Do not, and I repeat, do not allow yourself to be burdened. You were not built to carry the worries of the world on your head. I’m not suggesting that you go out of your way to completely distance yourself from everyone with an issue, but find methods of coping with this. During a time when I felt like I was consumed with so many issues that didn’t have my name on them, I read an article that helped me realise that I needed to make self-care a top priority in my life. Read here.


Know when to suggest that they seek professional help.

Let’s face it, you’re no expert and chances are you might even go ahead and say the wrong thing. Don’t feel as though you are obliged to wave some magic wand and grant everyone the happiness and peace they are seeking: you don’t have such power. No one does, but some people are trained with better magic skills than the rest of us, let the professionals help as best as they can.


Know when to highlight the underlying issue.

Very often people feel down for sustained periods without actually knowing that they are depressed, sometimes your job might be to help them recognise this; even if they aren’t depressed or it’s extremely mild, it’s always better to be aware and to be cautious.


Know when to mention God.

As a Christian, I understand how easy it can be to tell someone God can help them because you genuinely believe it and you are praying for their miracle. But as someone who has also dealt with depression before, I also understand how little meaning these very strong and powerful words can seem to have on the person suffering. I agree, God will help them, but telling them this won’t bring the immediate solutions you’re after, especially depending on their spiritual connection at that exact point in time. Why not pray on their behalf? Or if they’re feeling up to it, pray with them. This brings me to a whole other point but we’ll get into that next time…

I hope that whatever you and your loved ones are going through makes you all stronger. Life has its ups and downs; tests will surely come, but don’t be defeated and don’t give up- instead grow in wisdom, knowledge and strength.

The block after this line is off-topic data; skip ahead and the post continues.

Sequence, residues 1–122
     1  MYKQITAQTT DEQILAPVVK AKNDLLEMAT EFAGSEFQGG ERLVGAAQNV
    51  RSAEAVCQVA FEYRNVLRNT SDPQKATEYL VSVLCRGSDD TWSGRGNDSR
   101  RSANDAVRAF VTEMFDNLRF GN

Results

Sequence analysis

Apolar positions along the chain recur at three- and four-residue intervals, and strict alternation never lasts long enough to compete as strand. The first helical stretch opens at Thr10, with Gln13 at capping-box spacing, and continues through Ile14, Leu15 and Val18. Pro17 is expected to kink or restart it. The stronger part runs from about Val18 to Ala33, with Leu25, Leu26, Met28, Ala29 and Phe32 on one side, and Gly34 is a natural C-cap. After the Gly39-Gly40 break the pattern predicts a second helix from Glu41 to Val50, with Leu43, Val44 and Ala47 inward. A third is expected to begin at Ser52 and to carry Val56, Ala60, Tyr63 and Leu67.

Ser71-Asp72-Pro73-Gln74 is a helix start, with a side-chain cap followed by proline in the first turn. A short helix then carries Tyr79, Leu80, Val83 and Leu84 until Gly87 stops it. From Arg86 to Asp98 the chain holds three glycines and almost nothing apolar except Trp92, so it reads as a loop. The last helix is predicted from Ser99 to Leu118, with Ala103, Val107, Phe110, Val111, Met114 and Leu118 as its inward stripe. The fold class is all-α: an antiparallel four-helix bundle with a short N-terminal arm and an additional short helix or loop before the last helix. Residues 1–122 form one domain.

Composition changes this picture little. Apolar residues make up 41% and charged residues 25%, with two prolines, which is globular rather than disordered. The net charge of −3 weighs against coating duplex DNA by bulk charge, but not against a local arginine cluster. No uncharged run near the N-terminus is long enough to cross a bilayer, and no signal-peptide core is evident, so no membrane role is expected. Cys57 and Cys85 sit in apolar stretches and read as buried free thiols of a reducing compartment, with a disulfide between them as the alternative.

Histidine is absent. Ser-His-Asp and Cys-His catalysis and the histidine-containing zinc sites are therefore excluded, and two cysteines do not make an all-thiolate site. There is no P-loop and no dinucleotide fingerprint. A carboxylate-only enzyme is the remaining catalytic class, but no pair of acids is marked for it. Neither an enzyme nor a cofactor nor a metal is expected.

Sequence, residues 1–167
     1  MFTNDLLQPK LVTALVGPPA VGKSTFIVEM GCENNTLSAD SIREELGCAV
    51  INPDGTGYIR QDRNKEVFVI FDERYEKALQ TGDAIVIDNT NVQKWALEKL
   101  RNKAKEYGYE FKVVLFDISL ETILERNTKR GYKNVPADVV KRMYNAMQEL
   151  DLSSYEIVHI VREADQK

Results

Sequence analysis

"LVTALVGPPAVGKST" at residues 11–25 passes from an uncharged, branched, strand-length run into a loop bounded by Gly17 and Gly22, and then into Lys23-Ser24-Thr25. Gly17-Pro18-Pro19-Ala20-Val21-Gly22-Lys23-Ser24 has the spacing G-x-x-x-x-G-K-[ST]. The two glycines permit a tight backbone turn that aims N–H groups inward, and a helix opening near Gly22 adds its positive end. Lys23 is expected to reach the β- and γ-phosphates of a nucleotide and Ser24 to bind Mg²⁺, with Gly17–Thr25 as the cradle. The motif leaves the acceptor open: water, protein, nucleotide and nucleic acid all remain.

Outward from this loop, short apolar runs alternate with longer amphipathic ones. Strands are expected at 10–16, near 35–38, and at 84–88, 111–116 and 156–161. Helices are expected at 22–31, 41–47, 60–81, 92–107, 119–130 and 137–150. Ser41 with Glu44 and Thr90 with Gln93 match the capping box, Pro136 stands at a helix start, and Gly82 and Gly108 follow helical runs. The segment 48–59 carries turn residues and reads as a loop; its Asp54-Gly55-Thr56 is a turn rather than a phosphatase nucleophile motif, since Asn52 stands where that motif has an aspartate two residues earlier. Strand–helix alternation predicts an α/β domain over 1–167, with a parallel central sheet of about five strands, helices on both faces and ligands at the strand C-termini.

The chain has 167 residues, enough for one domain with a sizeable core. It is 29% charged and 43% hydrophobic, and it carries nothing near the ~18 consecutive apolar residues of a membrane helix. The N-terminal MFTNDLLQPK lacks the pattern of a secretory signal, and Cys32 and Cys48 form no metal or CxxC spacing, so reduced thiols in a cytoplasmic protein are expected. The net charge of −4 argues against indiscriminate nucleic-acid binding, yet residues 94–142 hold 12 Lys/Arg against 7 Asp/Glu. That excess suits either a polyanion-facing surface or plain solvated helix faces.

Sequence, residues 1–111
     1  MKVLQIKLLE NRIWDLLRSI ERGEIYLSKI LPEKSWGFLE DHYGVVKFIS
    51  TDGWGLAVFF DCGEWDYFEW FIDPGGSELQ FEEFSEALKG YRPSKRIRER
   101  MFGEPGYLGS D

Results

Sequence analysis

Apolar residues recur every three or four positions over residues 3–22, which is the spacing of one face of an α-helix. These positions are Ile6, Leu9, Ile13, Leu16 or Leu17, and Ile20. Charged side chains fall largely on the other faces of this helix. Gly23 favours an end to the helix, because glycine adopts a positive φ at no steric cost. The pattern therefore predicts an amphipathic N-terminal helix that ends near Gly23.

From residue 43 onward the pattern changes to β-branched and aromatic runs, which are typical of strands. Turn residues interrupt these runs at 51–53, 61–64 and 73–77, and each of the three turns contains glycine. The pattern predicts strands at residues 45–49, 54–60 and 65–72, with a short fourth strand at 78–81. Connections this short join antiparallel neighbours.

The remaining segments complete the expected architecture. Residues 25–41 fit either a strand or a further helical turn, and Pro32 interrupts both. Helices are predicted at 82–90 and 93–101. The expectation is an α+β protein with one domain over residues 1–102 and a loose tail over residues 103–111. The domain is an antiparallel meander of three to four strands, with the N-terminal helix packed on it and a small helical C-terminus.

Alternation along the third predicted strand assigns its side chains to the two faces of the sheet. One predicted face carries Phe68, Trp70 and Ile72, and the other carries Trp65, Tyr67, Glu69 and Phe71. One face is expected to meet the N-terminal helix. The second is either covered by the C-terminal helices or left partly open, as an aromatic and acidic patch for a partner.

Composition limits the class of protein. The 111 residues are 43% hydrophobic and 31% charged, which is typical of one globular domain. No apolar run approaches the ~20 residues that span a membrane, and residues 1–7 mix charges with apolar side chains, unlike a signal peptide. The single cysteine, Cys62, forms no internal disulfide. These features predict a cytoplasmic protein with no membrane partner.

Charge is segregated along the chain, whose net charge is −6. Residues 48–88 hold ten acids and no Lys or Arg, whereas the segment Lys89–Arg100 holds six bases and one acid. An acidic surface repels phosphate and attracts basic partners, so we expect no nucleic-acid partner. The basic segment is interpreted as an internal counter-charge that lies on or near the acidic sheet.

“So do not fear, for I am with you; do not be dismayed, for I am your God. I will strengthen you and help you; I will uphold you with my righteous right hand.” Isaiah 41:10



I’m not an expert, I can do no more than share my own experiences, but for more information and guidance from professionals, click here.

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  1. abbawright
    April 27, 2017 / 8:11 pm

    I really appreciate this article too. The Black community has a long way to go when it comes to mental health. I’m African too, and a lot of times people just assume it’s something that you’re doing that’s causing your depression. “You’re not praying enough” “Go take a walk, it will make you feel better”. There definitely needs to be more education on depression and mental health in the Black community, cuz I can assure that a lot of people are battling with it, but are too afraid to speak up about it.

    • TishaKimiira
      April 27, 2017 / 8:14 pm

      Glad you can relate! It all starts with us, we need to raise awareness and educate the older generation more. Thank you for reading 💙